Plant Patents

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By Rich Stim

Since 1930, the United States has been granting plant patents under the Plant Patent Act to any person who first appreciates the distinctive qualities of a plant and reproduces it asexually. Asexual reproduction means reproducing the plant by a means other than seeds, usually by grafting or cloning the plant tissue. If a plant cannot be duplicated by asexual reproduction, it cannot be the subject of a plant patent. In addition, the patented plant must also be novel and distinctive. Generally, this means that the plant must have at least one significant distinguishing characteristic to establish it as a distinct variety. For example, a rose may be novel and distinctive if it is nearly thornless and has a unique two-tone color scheme. Tuber-propagated plants (such as potatoes) and plants found in an uncultivated state cannot receive a plant patent. (35 United States Code, Sections 161–164.)

There is a limit on the extent of plant patent rights. Generally, a plant patent can only be infringed when a plant has been asexually reproduced from the actual plant protected by the plant patent. In other words, the infringing plant must have more than similar characteristics—it must have the same genetics as the patented plant.

Juman Made Plants

A human-made plant can also be the subject of a utility patent. These plants can be reproduced either sexually (by seeds) or asexually. For example, utility patents have been issued for elements of plants such as proteins, genes, DNA, buds, pollen, fruit, plant-based chemicals, and the processes used in the manufacture of these plant products. To obtain a utility patent, the plant must be made by humans and must fit within the statutory requirements (utility, novelty, and nonobviousness). The patent must describe and claim the specific characteristics of the plant for which protection is sought. Sometimes the best way to meet this requirement is to deposit seeds or plant tissue at a specified public depository. For example, many countries have international depositories for such purposes.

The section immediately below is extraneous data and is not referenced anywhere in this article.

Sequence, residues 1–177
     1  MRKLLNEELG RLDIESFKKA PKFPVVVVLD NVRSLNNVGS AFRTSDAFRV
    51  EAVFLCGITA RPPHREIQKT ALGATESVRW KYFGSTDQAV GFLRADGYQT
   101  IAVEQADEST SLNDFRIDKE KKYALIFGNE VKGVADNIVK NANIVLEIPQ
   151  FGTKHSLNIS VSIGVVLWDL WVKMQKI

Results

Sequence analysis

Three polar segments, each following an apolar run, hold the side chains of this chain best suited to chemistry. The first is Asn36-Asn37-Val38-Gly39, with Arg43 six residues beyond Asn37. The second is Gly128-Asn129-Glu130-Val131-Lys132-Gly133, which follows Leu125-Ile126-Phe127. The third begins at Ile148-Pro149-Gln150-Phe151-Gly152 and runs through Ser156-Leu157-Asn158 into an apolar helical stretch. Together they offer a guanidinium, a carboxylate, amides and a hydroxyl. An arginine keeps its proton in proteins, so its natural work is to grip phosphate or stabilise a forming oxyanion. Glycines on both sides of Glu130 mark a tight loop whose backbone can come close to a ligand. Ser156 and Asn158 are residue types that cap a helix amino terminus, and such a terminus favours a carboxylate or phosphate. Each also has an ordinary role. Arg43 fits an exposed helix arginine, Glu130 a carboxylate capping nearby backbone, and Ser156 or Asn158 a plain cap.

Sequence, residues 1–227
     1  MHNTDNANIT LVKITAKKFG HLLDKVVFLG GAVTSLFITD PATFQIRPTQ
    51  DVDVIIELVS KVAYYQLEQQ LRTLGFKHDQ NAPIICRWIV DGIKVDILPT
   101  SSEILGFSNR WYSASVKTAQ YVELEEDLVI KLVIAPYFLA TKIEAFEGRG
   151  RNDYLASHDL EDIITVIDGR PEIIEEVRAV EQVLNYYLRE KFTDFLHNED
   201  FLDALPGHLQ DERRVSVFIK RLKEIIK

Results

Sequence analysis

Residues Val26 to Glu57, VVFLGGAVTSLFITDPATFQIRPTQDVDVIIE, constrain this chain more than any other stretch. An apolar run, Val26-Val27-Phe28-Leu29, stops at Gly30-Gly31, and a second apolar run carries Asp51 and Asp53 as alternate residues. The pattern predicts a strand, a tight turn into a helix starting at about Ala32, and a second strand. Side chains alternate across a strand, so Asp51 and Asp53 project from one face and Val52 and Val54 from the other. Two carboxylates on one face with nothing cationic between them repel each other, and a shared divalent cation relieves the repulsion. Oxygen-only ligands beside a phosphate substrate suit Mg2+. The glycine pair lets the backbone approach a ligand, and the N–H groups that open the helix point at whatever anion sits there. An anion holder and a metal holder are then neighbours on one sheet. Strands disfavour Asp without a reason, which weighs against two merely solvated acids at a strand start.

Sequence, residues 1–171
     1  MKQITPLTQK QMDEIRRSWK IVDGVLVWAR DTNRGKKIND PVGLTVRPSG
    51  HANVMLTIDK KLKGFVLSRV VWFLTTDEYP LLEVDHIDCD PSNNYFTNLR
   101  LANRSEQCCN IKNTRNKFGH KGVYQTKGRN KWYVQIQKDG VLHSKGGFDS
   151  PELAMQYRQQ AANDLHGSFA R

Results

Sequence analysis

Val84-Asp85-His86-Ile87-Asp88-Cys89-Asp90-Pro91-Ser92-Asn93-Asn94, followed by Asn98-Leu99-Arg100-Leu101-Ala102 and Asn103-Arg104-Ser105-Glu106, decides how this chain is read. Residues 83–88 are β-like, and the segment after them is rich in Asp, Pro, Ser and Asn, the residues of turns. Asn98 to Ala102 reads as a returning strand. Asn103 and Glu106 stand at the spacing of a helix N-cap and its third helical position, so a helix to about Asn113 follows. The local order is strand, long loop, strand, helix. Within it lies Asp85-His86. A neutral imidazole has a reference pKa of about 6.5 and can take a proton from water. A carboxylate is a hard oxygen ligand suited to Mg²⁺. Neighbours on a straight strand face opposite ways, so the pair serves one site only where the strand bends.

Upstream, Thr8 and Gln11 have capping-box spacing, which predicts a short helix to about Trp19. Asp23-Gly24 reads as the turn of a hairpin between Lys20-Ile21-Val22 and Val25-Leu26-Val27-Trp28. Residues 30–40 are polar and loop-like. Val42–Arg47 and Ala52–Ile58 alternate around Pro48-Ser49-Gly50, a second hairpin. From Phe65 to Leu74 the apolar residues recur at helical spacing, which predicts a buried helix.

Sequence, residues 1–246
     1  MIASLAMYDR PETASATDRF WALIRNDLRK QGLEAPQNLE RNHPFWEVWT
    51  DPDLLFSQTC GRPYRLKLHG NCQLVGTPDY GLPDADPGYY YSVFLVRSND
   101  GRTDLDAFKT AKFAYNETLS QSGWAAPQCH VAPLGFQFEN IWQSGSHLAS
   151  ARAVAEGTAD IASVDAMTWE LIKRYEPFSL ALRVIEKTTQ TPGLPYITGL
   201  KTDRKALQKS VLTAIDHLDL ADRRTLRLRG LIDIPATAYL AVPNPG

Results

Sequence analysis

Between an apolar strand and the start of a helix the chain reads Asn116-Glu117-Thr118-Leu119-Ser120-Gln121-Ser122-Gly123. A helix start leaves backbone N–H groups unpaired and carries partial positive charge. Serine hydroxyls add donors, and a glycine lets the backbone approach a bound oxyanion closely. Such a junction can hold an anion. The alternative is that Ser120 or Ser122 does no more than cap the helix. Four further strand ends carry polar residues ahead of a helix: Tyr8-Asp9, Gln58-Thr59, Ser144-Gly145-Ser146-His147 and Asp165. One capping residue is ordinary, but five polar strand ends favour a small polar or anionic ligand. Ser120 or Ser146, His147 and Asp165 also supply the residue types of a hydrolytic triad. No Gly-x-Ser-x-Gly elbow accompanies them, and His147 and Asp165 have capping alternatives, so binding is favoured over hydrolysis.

Although a utility patent is harder and more time-consuming to acquire than a plant patent, a utility patent is considered to be a stronger form of protection. For example, a plant protected by a utility patent can be infringed if it is reproduced either sexually or asexually. Since the utility patent owner can prevent others from making and using the invention, does this mean the purchaser of a patented seed cannot sell the resulting plants to the public? No, under patent laws, the purchaser can sell the plants but cannot manufacture the seed line.